We did the Première Manche - the first round - of A Travers riding across France from Dieppe to Marseille in the summer of 2009, and it was the original inspiration for this blog. The plan to put the 'band back together again' for another go in 2013 for the second installment fell on stoney ground, with life just getting in the way for too many of us, much to our disappointment. However, our enthusiasm for the bike remains undimmed, and so I'll keep posting my thoughts on the diverse and beautiful facets of the sport regardless. But there's bound to be another big 'adventure ride' coming soon - quite possibly in Italy - so potentially a name change too: Attraverso l'Italia in Bicicletta anyone?

Wednesday, 8 January 2014

It's the System, Stupid! Race Distances and PEDs: A Spurious Link

A few years back over at the excellent Italian Cycling Journal blog, there was this post on why, coming up to the Giro d'Italia, the author agreed with Italian public prosecutor Benedetto Roberti's statement that doping in the sport was because "The races are too tough. They need to reduce the kilometers. It’s impossible to think that they [the riders] can complete these races as they are without using banned substances"

More to the point for me, Roberti then went on to state that "Unfortunately that’s the system ... The sport relies on sponsors and sponsors don’t pay the teams unless they win and to win they need to use banned substances." I think it's this second statement that has far more pertinence if we're talking about the fight on doping, and left this comment on the page.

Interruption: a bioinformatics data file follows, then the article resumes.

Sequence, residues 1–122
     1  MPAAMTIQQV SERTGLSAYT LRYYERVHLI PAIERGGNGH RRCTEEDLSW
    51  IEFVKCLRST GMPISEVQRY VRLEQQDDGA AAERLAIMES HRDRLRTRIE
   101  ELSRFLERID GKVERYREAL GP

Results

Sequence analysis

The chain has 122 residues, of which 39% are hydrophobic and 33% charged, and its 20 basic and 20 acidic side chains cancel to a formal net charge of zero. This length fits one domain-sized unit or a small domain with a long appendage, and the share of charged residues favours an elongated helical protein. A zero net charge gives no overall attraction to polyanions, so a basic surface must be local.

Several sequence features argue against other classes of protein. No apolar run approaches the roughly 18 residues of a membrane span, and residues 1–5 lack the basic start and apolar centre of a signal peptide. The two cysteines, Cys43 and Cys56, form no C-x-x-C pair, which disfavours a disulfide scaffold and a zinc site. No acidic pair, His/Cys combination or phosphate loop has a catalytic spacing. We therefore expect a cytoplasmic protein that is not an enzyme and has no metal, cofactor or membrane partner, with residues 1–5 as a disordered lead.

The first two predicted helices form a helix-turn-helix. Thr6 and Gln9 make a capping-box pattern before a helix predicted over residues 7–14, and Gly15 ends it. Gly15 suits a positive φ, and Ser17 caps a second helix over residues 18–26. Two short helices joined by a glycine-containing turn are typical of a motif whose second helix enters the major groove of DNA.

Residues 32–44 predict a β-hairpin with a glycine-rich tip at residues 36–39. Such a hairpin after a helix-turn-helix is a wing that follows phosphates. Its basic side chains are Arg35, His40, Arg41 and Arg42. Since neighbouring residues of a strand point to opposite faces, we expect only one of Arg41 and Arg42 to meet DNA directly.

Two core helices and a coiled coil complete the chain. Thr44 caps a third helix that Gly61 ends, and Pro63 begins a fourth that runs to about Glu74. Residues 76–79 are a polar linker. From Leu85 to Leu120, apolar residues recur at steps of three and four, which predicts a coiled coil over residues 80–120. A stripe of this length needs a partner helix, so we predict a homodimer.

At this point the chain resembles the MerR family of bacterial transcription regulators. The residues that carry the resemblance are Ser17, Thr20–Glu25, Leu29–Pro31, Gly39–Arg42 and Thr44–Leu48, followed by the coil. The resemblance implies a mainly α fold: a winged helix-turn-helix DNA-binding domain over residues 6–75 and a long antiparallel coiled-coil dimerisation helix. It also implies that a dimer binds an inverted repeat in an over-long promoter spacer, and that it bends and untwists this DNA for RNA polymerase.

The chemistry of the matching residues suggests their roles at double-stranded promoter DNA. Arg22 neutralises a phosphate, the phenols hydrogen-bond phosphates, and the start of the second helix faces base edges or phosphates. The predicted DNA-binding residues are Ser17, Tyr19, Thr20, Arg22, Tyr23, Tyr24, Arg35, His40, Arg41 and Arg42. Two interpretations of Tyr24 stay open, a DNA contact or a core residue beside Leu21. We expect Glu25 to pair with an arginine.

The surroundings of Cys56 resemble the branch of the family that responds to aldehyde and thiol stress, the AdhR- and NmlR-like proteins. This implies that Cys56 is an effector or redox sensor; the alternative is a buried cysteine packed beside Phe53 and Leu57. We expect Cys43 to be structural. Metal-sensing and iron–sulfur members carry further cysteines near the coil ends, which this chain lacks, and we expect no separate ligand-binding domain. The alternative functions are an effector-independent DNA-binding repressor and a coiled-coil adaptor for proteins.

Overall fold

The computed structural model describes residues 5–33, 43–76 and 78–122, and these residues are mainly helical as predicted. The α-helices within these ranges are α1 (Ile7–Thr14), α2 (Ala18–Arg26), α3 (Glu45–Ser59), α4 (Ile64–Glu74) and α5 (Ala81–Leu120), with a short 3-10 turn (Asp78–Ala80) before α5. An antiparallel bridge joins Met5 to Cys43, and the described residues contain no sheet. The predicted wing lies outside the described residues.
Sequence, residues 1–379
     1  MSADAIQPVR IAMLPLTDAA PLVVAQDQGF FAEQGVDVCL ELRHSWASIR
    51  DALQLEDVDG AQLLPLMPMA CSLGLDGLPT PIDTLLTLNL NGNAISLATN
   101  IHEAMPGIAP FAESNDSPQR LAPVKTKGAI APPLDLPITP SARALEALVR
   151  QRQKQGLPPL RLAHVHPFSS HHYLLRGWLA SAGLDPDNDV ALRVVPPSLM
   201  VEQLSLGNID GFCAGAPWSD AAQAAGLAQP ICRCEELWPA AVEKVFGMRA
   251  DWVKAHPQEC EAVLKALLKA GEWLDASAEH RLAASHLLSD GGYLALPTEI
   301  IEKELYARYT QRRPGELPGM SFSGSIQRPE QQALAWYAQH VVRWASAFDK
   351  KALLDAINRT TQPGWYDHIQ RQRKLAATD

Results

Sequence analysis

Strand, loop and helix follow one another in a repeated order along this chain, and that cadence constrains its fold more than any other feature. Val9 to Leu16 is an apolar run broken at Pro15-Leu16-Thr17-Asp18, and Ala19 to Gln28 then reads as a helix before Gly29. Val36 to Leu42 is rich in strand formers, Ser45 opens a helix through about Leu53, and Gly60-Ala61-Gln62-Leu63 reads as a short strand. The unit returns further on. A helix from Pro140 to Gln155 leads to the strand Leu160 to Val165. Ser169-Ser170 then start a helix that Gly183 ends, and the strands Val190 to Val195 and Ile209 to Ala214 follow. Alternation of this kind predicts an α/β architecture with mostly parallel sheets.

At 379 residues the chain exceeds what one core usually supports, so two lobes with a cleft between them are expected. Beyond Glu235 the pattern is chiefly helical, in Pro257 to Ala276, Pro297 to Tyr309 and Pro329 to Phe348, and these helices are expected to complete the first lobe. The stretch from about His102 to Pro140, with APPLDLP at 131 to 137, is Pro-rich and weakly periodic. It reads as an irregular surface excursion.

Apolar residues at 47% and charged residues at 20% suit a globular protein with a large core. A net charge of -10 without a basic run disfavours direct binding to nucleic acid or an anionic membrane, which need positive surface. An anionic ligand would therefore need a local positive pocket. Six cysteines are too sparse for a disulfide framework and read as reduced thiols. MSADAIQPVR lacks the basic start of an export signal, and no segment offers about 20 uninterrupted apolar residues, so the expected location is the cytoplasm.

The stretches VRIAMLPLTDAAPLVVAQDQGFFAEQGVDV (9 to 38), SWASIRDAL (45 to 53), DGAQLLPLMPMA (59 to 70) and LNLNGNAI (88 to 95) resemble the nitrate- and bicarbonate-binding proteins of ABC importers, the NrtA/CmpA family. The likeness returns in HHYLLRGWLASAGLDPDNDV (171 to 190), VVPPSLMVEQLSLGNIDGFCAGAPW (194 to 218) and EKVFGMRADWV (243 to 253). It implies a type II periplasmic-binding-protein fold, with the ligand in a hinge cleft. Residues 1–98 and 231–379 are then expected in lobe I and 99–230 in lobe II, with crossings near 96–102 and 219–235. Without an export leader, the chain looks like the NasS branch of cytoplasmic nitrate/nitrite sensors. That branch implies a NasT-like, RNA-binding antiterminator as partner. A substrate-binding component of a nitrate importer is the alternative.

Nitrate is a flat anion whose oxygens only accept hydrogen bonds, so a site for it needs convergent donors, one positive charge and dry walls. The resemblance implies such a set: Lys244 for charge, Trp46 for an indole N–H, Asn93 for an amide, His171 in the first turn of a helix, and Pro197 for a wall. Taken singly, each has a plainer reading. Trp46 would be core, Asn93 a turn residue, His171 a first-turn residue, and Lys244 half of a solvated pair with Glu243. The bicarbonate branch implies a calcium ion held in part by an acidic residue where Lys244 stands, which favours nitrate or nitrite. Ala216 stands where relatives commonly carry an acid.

"I've never been convinced it's the distances, but rather modern commercial interests that are the problem with regards to performance-enhancing drugs in cycling. A well-trained pro cyclist should be able to race over 100 miles a day, repeatedly, without the need to dope, unless riding at 45kph 'criterium' speeds. Reduce the distances any more and the Grand Tours for example, the jewels in the sport's crown, will become a 21-day travelling circus of speed rather than stamina, favouring riders with different abilities than the 'Tour' riders. This is a hard sport, and so the Tours have to be gruelling, to provide epic 'exploits', the 'jour sans', a day ruined by 'la fringale', with the winner being someone capable of handling such demanding workloads and blessed with quick recovery. Desgrange said something along the lines of "My ideal Tour is one where only one rider finishes", and whilst I'm not advocating a return to inhuman 400km-plus stages, it's a fact that Merckx and Hinault didn't win Tours with 7-hour stages of 200-250km through the mountains because they doped, it's down to natural ability, to mental toughness, because they could race smart, use their teams and recover day after day, but at average speeds well below what we see today. All the while you have short-sighted sponsors putting pressure on teams, managers and riders to win at all costs or lose their livelihoods, there will be an unbearable temptation to dope. Addressing this by finding what you might term 'traditional' sponsors who are in the sport because they really understand and believe in it - like Mapei's Georgio Squinzi - and having a competent governing body and associated agencies working in partnership to smash the doping rings, vet the 'soigners' and ban the real cheats in a consistent manner will we see the speeds fall. I think it would be a catastrophic mistake if we reduced distances thinking that making things physically easier for these athletes would stop them doping. If we do we'll lose the unique, engaging character of our wonderful sport completely."